Passion is vital for success. It means you want something bad enough that you are willing to commit to make it a reality. However, passion alone is not enough to achieve success. Success takes time. You will need not just a strong desire and commitment to make something happen, but also more importantly, patience and effort. If you are truly passionate about something, time and effort will be your most valuable asset. Set goals you are passionate about because you’ll likely be working on them for some time.

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5. You need to be really talented.

No. You don’t need to be really talented to succeed. Success and talent don’t always go hand-in-hand. If you don’t believe me, just look at the Miley Cyruses and Danielle Steeles of this world. Danielle Steele is super rich and celebrated around the world and yet, she is not exactly Jane Austen. Just because you are not exceptionally talented at something is not a reason to put yourself down. Grit is more important than talent. Talent makes it easier to achieve success, but effort and perseverance make success a predetermined reality. Work on S.M.A.R.T. goals and success will follow.

6. You can do it all by yourself.

Whether you like it or not, there is always something you can learn and benefit from other people. Nobody knows everything or has absolutely everything required for success. We can all do with occasional help and support from others. The most successful people understand this fact and cherish every opportunity to pick the brains of those more knowledgeable, talented or experienced than them. They even cherish the opportunity to interact with people less endowed than them. This habit births new perspectives and insights that bring them even more success. Get over being shy and get help or support from others whenever you need it. This will make you a more refined, successful person.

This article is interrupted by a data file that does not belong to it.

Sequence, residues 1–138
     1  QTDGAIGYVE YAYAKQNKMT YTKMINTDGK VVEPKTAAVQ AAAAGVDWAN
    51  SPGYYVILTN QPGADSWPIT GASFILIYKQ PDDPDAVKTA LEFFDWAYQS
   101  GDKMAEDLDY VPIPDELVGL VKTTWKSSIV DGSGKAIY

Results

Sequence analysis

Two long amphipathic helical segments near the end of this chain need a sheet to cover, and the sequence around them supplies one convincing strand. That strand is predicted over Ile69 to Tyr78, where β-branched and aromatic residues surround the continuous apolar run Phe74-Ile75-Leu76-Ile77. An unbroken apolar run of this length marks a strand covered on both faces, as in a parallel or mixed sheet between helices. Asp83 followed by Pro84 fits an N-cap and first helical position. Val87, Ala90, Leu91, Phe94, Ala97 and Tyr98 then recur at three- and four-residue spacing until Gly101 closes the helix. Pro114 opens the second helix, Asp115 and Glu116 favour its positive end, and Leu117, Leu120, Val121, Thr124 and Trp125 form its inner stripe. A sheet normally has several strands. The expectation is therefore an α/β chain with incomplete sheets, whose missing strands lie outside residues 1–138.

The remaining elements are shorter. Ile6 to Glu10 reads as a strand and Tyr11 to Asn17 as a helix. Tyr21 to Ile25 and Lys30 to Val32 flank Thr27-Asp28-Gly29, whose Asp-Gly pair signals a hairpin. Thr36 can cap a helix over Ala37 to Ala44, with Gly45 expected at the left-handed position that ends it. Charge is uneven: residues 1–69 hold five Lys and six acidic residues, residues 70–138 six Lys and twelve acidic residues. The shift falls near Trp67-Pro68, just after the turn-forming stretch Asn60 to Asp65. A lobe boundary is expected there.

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7. You can’t afford to slip up or make mistakes.

If you think there is no room for mistakes in the pursuit of success and happiness, then you are mistaken already. Slip ups and mistakes are inevitable. They happen all the time to people. You won’t always get it right the first time, but you can always make mistakes a secret ingredient for your own success. Winston Churchill rightly said, “Success is not final, failure is not fatal; it is the courage to continue that counts.” Pick yourself up and brush the dust off your clothes after you slip and fall. Learn from your mistakes and use that experience as a lesson to avoid future mistakes. That is the hallmark of someone destined for great things.

8. You must keep at it non-stop.

Persistence is pivotal to achieving success. However, persistence is not the same thing as stubbornness and inflexibility. You are only human and there is only so much you can do before you burn out. Your body and mind needs downtime to rest and re-energize. The most successful people sleep well and take regular breaks from work to rest and relax. They don’t work non-stop and you shouldn’t either. Slow down; take a look around; breathe. Delegate the kids or work and escape on a deserved break. Eat healthy, exercise regularly and enjoy quality time with friends and family outside of work. These things will refresh and re-energize you for success when you get back to work.

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9. You can slack off once you reach the top.